If there’s one thing the finale of BBC Two’s The Game makes abundantly clear, it’s that Toby Whithouse should really write a DCI Jim Fenchurch spin-off.
One where, each week, Shaun Dooley gets to be angry at a criminal such as a KGB agent or someone who nicked the money from the Post Office till. Maybe even a werewolf trying to agitate the Miners Unions (I just miss Being Human).
In recent years Shaun Dooley has cornered the market in ‘terrifying growly Northerners’, from Misfits to Broadchurch 2: Courtroom Boogaloo, to that Trebor Mints ad that’s playing on the radio at the minute, and you can see why. An early scene in a Chinese restaurant while on the hunt for Colin Blakefield brings out the best in him: smart, gritty, and funny, a triumvirate that’s been missing from TV cops for a while now. Fenchurch is a great character, and he feels more real than our actual hero Joe Lambe.
Perhaps what’s best about Jim Fenchurch is that he’s refreshingly clear-cut in an otherwise opaque and obfuscated world of espionage, where no one can trust anyone, even if they’re on the same side or sharing the same bed. Right up to the credits and beyond, mistrust and distrust rule supreme. Forget the nukes or guns or cyanide-tipped umbrellas, distrust is the ultimate weapon in the Cold War.
Q-Branch Womble Alan Montag incorrectly thinks he can still trust his double-agent wife Sarah, who incorrectly thinks she can trust the KGB not to kill her husband while she plans to paint Whitehall red with a capital ‘R’ (and the preceding acronymic capitals ‘U.S.S’ as well).
Their family betrayal radiates out into the wider family of MI5 and a fallout of distrust that leads to Joe going on the run (and confronting his own family issues) to prove his innocence, Sarah (a marvellous Victoria Hamilton, finally getting chance to show her range) attempting to swindle Daddy, and Bobby and Wendy discovering that the mushroom cloud of mistrust radiates as far as the highest echelons of government.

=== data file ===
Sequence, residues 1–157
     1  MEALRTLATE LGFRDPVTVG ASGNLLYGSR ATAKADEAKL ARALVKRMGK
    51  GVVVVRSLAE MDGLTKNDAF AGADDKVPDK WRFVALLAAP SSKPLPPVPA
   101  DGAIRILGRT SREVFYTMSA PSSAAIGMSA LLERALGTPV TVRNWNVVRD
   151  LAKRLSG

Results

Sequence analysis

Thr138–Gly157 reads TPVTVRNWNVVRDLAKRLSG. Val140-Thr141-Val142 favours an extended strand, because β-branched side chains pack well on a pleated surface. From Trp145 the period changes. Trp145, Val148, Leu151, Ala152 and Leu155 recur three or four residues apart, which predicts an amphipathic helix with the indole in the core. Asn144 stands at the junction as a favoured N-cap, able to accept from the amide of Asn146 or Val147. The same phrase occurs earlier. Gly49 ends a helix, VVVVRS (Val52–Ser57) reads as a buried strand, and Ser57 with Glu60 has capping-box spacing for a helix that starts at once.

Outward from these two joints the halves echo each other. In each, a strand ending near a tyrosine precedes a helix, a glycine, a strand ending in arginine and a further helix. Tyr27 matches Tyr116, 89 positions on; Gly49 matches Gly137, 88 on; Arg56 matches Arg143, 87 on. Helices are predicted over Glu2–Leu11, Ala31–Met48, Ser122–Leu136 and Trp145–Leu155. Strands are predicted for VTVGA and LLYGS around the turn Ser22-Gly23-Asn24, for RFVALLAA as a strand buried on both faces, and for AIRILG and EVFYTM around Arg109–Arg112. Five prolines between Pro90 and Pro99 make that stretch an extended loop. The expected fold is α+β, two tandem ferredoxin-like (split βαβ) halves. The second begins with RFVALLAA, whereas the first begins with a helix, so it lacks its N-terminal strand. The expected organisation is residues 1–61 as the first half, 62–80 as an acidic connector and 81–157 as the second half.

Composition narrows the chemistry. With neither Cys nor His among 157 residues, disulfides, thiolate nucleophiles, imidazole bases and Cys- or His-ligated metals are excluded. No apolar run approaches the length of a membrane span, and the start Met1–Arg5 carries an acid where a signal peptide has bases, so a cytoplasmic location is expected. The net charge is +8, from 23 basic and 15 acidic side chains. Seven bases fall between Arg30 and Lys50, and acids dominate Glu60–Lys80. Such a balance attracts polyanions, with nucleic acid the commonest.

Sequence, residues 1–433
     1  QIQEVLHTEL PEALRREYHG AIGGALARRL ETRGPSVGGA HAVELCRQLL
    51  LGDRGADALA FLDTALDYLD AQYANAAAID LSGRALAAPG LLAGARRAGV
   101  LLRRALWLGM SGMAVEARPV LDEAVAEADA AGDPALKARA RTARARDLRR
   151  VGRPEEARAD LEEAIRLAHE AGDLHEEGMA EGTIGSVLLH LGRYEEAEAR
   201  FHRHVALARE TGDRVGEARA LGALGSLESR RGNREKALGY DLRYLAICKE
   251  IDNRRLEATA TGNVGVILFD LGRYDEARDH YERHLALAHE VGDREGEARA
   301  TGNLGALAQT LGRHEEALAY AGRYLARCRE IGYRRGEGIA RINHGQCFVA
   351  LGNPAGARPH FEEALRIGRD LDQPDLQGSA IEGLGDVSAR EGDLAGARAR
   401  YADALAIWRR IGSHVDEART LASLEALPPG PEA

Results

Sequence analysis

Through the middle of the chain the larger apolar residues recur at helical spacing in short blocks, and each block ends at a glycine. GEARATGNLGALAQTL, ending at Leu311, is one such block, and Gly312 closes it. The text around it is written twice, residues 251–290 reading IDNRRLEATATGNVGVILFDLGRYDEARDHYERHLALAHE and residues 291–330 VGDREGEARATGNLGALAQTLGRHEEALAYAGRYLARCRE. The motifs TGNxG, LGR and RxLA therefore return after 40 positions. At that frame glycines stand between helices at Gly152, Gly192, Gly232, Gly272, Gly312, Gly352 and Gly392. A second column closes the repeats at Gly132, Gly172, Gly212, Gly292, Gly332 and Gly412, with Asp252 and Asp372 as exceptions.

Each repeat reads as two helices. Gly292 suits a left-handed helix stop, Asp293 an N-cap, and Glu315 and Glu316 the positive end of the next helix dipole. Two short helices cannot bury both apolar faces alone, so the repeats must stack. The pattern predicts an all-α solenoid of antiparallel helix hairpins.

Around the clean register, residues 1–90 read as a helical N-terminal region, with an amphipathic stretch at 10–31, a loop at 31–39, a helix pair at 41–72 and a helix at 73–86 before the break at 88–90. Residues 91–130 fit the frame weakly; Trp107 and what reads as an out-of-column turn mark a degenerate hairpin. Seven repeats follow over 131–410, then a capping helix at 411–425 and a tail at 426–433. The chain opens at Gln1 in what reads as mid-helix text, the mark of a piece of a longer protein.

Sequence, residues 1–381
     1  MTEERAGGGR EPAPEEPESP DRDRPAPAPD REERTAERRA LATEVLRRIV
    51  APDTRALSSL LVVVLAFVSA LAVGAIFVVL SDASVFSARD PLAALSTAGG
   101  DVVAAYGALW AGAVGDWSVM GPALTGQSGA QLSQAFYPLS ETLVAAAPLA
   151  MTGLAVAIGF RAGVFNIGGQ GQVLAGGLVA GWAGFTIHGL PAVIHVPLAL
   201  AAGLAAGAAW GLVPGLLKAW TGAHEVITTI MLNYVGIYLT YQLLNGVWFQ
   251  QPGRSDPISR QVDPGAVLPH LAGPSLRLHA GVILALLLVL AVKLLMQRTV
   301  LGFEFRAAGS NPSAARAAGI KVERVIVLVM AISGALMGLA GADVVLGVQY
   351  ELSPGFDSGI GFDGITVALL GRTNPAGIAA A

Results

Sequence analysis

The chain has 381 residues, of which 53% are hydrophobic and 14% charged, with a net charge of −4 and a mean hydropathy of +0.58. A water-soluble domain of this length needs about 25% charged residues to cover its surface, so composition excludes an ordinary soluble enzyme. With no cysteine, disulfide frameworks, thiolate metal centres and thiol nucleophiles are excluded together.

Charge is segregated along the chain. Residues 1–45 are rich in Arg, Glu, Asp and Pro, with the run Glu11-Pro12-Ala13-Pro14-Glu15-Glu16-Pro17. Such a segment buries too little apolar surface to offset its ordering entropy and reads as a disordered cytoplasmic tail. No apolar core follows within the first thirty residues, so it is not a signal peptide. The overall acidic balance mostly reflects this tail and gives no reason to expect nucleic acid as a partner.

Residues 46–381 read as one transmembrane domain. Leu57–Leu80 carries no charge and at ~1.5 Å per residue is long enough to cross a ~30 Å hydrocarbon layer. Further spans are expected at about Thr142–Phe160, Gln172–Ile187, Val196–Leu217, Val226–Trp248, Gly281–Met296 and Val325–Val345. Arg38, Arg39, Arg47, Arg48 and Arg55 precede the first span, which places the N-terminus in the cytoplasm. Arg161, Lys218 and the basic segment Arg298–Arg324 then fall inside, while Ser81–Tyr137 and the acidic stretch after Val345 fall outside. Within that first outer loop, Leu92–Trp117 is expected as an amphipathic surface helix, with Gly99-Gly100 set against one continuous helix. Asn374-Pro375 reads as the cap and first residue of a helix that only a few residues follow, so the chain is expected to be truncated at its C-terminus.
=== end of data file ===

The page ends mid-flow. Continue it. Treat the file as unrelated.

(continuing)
The urgency of the mission and the frisson that comes from the inability to take what anyone says at face or two-face value lifts the dialogue to a level that urges you to pay attention. Each scene feels like a chess match confrontation; none better than Daddy (Brian Cox) confronting the Deputy PM and finally realising that Operation Glass is a silent coup of the UK, planned decades ago. He should’ve just Googled it and read one of the US recaps from last year. That’s what I did. But even knowing the plan, it’s still genuinely thrilling to watch all the pieces slot into place.
For our patience in the slower moments of past episodes, and for (mostly) keeping up with the twists and turns of The Game our reward is a finale which manages to be fast-paced without sacrificing the show or the viewer’s intelligence, and finally gives us Joe’s confrontation with Odin at a moment of the highest tension.
I wondered back in Episode 4 why Odin didn’t shoot Joe, but now it’s clear that he didn’t need to. Instead of a bullet, he puts a doubt in Joe’s head: is his flashback-girlfriend Yulia a KGB agent?
‘Sometimes everything is what is seems’, Yulia says. And oh what a tender world it would be if that were true. But it’s too late. It’s verbal polonium, slowly poisoning Joe’s mind against the woman he thought he could trust. Like I said, distrust is the ultimate weapon.
The Cold War rumbles on. For Joe and MI5 it’s to paperwork and tapped phones and a glass of scotch gripped that little bit more tightly during the next briefing. And after what has been a series that has been less-talked about and had fewer viewers than it deserved, we go back to finding out what else is on TV on a Thursday. Hopefully it’ll be ‘Fenchurch Investigates’.
Aired at 9pm on Thursday 4 June 2015 on BBC Two.
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